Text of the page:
The attachment mechanism between the plate and the container may vary in different embodiments; however, the mechanism in the illustrated embodiment permits the container and the plate to be decoupled without having to slant or cant the plate relative to the container. This is in contrast to Tupperware-type covers of plastic containers that coupled to the entirety of the periphery of a container's lip wherein the cover is typically pulled upwardly canting it relative to the lip of the container. As can be appreciated, a Tupperware-type attachment means can be utilized in variations of the present invention, but such a mechanism, which would require a relatively stiff center portion to support the cups, could cause some of the contents of cups held in the cup-sized apertures to spill when the plate is canted during decoupling. For a 14″ long tray, the tray using a Tupperware-type snap lip sealing mechanism combined with a stiff center portion may need to be canted between 5-30 degrees to remove the tray.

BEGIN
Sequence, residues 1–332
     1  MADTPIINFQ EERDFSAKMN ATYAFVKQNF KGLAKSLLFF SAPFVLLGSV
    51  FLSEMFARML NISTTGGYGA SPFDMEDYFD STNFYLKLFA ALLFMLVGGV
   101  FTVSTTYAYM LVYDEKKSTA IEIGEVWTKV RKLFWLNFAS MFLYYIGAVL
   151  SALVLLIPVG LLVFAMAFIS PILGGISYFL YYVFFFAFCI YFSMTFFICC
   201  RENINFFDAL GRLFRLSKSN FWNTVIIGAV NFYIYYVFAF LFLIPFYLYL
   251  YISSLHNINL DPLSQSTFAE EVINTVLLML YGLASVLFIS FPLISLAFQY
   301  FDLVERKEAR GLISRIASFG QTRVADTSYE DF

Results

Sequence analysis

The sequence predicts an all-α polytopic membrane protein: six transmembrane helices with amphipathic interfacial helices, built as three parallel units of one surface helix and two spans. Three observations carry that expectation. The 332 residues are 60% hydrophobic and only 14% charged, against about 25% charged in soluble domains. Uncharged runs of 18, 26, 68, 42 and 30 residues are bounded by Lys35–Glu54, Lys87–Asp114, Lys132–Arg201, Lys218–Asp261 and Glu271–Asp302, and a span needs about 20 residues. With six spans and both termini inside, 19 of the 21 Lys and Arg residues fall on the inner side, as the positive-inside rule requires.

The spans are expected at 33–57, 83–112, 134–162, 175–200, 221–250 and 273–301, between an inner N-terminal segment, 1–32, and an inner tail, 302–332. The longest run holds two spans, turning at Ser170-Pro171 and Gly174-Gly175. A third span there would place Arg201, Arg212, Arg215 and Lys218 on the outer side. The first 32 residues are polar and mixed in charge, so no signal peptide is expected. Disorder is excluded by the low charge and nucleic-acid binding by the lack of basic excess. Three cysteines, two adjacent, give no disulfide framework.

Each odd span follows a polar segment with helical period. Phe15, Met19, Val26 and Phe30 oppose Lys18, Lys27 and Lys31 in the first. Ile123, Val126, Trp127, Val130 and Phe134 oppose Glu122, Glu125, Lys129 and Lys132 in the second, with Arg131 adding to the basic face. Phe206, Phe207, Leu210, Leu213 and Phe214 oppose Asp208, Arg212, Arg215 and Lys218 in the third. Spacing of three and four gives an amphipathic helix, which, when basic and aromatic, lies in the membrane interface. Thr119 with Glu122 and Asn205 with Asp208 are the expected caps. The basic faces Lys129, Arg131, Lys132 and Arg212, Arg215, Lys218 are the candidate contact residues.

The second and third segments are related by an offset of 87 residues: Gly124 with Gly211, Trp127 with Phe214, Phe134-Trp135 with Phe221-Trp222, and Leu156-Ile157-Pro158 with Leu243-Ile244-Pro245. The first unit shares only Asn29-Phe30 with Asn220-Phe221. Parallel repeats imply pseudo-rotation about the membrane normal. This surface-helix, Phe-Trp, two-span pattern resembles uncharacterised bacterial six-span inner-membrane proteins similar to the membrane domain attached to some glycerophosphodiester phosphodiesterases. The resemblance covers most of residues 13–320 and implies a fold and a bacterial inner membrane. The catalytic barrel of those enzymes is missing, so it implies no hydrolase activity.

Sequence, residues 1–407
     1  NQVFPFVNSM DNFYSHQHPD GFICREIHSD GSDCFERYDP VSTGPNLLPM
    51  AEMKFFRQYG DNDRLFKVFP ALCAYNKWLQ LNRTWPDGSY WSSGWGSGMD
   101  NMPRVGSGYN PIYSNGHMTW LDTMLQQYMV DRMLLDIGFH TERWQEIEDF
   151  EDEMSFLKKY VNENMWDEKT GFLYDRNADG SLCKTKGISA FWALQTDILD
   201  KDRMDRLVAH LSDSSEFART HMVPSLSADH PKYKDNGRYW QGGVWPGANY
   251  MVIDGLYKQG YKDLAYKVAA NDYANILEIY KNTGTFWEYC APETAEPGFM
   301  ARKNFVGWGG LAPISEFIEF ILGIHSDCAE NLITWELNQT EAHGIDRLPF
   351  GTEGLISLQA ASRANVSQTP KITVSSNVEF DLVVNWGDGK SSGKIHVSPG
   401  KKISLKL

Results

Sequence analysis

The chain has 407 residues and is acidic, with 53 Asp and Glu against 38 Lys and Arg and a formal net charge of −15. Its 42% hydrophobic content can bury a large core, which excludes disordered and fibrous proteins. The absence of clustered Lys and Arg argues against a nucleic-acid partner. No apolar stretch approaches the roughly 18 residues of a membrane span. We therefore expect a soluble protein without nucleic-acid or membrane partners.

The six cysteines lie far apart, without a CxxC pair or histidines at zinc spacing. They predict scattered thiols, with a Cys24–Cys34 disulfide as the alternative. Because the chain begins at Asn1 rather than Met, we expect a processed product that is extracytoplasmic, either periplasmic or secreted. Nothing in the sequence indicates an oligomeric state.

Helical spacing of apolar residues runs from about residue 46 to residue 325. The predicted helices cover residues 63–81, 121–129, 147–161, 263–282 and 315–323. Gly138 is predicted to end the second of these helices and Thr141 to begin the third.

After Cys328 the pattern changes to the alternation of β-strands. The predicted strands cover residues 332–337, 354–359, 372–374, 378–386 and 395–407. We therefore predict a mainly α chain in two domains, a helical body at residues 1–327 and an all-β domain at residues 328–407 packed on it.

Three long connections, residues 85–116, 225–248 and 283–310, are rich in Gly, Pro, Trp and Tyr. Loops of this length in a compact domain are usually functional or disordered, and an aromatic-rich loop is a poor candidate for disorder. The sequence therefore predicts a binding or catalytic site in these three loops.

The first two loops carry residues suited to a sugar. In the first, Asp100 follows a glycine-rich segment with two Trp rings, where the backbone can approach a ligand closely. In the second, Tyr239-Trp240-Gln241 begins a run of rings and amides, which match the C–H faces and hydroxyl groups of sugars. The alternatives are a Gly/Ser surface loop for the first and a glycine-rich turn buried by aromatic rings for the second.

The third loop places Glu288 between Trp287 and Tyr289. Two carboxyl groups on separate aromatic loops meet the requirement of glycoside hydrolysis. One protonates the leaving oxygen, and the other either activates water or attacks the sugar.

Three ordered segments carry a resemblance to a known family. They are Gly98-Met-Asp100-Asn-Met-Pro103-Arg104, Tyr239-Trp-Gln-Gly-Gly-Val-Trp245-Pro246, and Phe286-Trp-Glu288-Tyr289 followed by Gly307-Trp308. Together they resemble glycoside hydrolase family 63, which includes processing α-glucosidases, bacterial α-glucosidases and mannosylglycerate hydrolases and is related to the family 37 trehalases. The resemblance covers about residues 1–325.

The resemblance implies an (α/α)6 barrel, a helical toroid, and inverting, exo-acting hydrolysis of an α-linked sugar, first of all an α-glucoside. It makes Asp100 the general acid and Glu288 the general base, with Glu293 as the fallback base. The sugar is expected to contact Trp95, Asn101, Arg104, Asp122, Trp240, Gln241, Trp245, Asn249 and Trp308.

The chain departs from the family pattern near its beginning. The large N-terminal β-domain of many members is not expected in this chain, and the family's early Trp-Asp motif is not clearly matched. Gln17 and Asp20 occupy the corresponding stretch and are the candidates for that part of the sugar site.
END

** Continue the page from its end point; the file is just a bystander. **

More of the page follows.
In certain variations of the beverage holder and transport system are adapted to carry two or more layers of the plates in an overlying (or double-decker) relationship with each other. Specifically in the illustrated embodiments, a pair of hooks depend from an upper plate and hook around the handle of a lower plate. Accordingly, a user using a single hand can easily transport twelve beverage cups. Also advantageously, the lower plate can pivot and swing relative to the top plate thereby permitting it to retain a horizontal orientation even if the top plate is canted somewhat during transport.